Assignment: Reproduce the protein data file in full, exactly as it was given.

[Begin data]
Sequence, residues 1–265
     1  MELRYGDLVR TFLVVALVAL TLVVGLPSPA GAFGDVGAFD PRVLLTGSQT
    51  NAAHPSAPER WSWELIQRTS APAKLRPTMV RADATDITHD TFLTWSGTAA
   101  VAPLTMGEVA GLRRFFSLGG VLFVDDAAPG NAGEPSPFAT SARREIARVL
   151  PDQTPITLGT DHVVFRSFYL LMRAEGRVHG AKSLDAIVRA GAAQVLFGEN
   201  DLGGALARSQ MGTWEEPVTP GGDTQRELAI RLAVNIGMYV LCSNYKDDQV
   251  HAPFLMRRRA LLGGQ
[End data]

Sequence, residues 1–265
     1  MELRYGDLVR TFLVVALVAL TLVVGLPSPA GAFGDVGAFD PRVLLTGSQT
    51  NAAHPSAPER WSWELIQRTS APAKLRPTMV RADATDITHD TFLTWSGTAA
   101  VAPLTMGEVA GLRRFFSLGG VLFVDDAAPG NAGEPSPFAT SARREIARVL
   151  PDQTPITLGT DHVVFRSFYL LMRAEGRVHG AKSLDAIVRA GAAQVLFGEN
   201  DLGGALARSQ MGTWEEPVTP GGDTQRELAI RLAVNIGMYV LCSNYKDDQV
   251  HAPFLMRRRA LLGGQ